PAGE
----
Silicon Valley History
Alan Kay says that computing is pop culture -- "pop culture holds a disdain for history". The below are my favorite books and articles about the history of computing and Silicon Valley:
- The Dream Machine -- probably the best overall book about the early days of computing and the internet.
- Heat Death: Venture Capital in the 1980s -- a brief history of the venture capital industry since 1973.
- Genentech: The Beginnings of Biotech -- the definitive history of Genentech.
- The Whole Earth Catalog -- the library at PARC was first composed simply of the books that the Whole Earth Catalog recommended. Steve Jobs cites it as inspiration for Apple. It's still possible to find original copies.
- Dealers of Lightning -- the best history of PARC.
- The Idea Factory -- sets the context for the hardware inventions that directly led to Silicon Valley.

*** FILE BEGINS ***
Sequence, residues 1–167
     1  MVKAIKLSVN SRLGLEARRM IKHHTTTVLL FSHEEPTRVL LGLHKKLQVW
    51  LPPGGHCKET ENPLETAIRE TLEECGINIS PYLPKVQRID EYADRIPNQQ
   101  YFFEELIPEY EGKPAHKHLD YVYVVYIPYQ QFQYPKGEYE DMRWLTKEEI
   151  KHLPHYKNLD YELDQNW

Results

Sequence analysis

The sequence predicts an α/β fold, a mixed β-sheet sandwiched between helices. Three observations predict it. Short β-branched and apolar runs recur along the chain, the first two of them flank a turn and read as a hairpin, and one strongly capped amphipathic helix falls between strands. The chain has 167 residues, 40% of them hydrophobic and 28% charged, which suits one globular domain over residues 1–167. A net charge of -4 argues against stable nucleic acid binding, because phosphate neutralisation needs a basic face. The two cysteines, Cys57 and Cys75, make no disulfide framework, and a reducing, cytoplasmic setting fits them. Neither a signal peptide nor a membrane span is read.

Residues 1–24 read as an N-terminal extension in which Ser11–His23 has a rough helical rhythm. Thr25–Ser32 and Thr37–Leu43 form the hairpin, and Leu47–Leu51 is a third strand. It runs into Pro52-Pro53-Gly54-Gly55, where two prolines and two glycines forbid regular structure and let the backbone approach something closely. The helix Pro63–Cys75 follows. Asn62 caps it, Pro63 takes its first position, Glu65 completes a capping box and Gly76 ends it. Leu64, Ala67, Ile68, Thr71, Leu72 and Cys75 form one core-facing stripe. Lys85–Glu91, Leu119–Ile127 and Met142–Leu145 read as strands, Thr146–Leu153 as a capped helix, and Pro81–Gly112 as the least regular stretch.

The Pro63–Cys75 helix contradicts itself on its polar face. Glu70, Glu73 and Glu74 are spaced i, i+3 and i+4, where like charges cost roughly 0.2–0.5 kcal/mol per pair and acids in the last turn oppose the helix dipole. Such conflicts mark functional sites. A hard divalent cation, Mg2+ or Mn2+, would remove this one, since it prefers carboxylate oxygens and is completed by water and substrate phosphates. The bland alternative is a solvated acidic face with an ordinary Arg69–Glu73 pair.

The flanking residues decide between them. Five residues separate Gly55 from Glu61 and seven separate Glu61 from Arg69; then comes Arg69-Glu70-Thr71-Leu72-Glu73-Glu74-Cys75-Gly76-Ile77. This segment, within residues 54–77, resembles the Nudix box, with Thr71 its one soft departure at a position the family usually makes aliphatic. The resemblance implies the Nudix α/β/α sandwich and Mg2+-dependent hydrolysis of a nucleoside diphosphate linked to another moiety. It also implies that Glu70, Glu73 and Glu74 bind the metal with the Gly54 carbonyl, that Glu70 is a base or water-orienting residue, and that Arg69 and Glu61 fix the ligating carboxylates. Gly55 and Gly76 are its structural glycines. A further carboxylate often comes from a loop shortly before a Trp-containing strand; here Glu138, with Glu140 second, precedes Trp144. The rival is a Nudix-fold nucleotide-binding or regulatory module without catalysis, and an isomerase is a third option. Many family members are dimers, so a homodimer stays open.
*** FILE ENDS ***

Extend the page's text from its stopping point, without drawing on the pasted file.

- Computer Lib -- one of the greatest books about the possibilities of computers ever written.
- Man-Computer Symbiosis -- established the vision of computing that inspired Engelbart, Kay, etc., to pursue what they did.
- The Chip -- the invention of the microchip.
- Something Ventured -- a lighthearted of the venture capital industry.
- The Little Kingdom -- the early days of Apple Computer and the Macintosh.
- From Counterculture to Cyberculture -- Stewart Brand and his surrounding milieu. Better than What the Dormouse Said.
- Season of the Witch -- a cultural history of San Francisco from the late 60s to the early 80s.
- Making Silicon Valley -- there aren't many books that say a lot about the Valley pre-Shockley; this one goes back to the 30s.
- The Tinkerings of Robert Noyce -- the origins and cultural context of Fairchild and Intel.
- Revolution in The Valley -- a hundred stories from the early days of the Mac, collected by one of its creators.
- Swimming Across -- Andy Grove's memoir.
There's a closely-related genre of great books (like Masters of Doom and Show-Stopper) that cover important projects in the industry's history. Here, though, I've omitted those that don't have a direct connection to Silicon Valley.
Got recommendations? Drop me a note!